7 Proven Ways to Break Through a Weight-Loss Plateau
If you are trying to lose weight, you know how rewarding it is to step onto that scale in the morning and see the number get smaller. When you first start out on a weight-loss plan, the pounds can seem to melt away quickly which makes us feel motivated to stick to our game plan.
But what do you do when the scale suddenly comes to a halt and won’t budge? If you have hit a weight-loss plateau, don’t despair! Sometimes all it takes is a few tweaks here and there to get over the hump and back to losing weight again.
Read on for 7 ways you can break through your weight-loss plateau. You don’t have to do them all at once. Try one or two of these strategies:
1. Record What You Eat
Writing down what you eat each day can be extremely useful because a lot of us underestimate the amount of food we eat. But if you aren’t tracking your food intake – on paper or on an app – how do you truly know how many calories you’re ingesting? Start recording what you eat and you could uncover the reason you’ve been unable to shed those stubborn 5 or 10 pounds.
2. Cut Back on Carbs
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Eat less carbs. A simple thing to do is forgo the bread and baked goods which contain processed ingredients. Foods that contain naturally occurring sugars like fruits and non-starchy vegetables (think leafy greens, celery and bell peppers) are nutritious forms of carbohydrates, and a much better choice to aid you in your weight loss.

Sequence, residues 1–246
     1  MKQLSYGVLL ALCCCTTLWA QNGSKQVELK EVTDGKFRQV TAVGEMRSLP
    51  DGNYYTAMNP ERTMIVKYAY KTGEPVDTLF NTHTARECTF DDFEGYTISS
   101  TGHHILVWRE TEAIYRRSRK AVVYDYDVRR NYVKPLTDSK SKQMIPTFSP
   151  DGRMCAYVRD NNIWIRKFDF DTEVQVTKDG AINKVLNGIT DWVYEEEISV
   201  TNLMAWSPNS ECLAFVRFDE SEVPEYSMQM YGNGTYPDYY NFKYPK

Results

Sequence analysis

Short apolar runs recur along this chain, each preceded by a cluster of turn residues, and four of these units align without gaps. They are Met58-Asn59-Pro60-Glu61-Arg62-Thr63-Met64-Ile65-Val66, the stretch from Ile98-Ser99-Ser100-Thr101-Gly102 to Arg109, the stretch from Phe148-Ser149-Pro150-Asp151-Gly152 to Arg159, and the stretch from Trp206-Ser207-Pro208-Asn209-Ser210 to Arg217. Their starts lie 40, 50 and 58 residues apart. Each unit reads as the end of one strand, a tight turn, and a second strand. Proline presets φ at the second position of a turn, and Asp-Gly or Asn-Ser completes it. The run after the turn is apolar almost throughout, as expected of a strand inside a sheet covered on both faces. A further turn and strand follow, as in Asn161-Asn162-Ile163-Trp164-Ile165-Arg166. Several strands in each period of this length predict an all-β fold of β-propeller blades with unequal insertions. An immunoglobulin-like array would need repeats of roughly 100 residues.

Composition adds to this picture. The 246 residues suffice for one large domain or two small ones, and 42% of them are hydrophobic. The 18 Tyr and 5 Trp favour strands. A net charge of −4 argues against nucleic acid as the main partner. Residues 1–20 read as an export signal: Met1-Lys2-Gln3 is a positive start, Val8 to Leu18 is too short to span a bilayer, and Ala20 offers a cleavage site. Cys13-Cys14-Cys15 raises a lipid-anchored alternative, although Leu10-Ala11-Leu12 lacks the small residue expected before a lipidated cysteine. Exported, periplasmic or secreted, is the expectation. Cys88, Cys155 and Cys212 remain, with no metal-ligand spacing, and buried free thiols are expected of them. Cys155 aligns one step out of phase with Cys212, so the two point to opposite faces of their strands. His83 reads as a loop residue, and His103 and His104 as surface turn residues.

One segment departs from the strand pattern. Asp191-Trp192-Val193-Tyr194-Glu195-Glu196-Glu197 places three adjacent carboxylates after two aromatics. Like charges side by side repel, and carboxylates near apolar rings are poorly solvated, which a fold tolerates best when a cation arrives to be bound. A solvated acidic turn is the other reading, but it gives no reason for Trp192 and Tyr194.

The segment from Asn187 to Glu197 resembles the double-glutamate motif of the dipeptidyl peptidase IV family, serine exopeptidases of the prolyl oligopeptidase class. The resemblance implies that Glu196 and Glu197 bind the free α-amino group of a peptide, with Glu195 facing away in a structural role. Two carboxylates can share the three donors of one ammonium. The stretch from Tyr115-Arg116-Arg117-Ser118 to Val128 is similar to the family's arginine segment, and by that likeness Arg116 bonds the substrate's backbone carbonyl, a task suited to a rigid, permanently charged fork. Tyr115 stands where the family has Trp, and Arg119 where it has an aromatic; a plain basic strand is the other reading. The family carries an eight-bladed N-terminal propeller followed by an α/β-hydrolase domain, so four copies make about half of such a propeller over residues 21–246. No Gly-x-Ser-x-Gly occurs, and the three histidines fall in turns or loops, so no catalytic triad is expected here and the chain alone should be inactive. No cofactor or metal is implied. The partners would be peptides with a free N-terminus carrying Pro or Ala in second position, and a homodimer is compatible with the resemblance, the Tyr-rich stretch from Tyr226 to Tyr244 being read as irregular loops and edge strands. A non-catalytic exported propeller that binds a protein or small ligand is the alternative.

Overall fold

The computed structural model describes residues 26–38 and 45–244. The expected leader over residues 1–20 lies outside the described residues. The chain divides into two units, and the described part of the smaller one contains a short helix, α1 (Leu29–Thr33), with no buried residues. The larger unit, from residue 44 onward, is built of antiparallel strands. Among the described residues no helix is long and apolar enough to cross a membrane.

3. Try Interval Workouts
If you’ve been doing the same workout for more than six weeks, try a new or more challenging workout to bust through the plateau. On the treadmill, push yourself by running at your normal pace for a minute or two then crank up the speed and sprint for a minute then return to your normal pace. Alternate until you reach the 30-minute mark. Not only will intervals burn more calories, your time on the machine will go by much faster!
4. Fill Up on Fiber
Feel fuller by upping your fiber intake. Fiber is nutrient dense, can fill you up with fewer calories and takes more time for your body to digest so you will satisfy your hunger for longer. Good choices include celery, apples, almonds, brown rice or a baked potato – better for you than a bag of chips any day as long as you don’t saturate it with butter and cheese.
5. Limit Alcohol
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Until you are in the weight maintenance phase, it’s best to limit alcohol as much as possible. Unwinding with a cocktail at the end of the day isn’t worth the calories and worse, it may set you back in your weight loss.
Consider this: a 6-ounce glass of wine contains about 120 calories and a 12-ounce serving of beer can pack anywhere from 100 to 170 calories or more! And if you’re a cocktail kind of girl, you’ll consume even more calories if it consists of sugary mixers. Alcohol can also make you hungry and lower inhibitions, which means you’ll be more likely to grab that order of happy hour potato skins or fried mozzarella sticks. If you do choose to have an occasional drink, make it a glass of wine, which may protect your heart and prevent inflammation. Or, go with a clear alcohol without the sugary mixers like a gin and tonic or a vodka and club soda.
6. Drink Water Before Meals and Throughout the Day
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Not enough can be said about the benefits of water. Water rids your body of germs and bacteria, keeps your skin hydrated and can keep hunger at bay. Drinking a glass (or two) before a meal can also help limit your calorie intake by making you feel fuller. Sipping on it throughout the day can also reduce empty-calorie snacking. And when it comes to exercise, drinking enough water can be a difference maker in the effectiveness of your workout.
7. Get Regular, Consistent Sleep
Late nights can sabotage your weight loss. When you don’t get the sleep your body needs, both your physical and mental health suffers. A number of studies have shown that not getting enough sleep can decrease your metabolic rate and cause a shift in your hormones to promote hunger and fat storage. Not to mention that when we’re tired, we’re less likely to make smart decisions about the food we eat.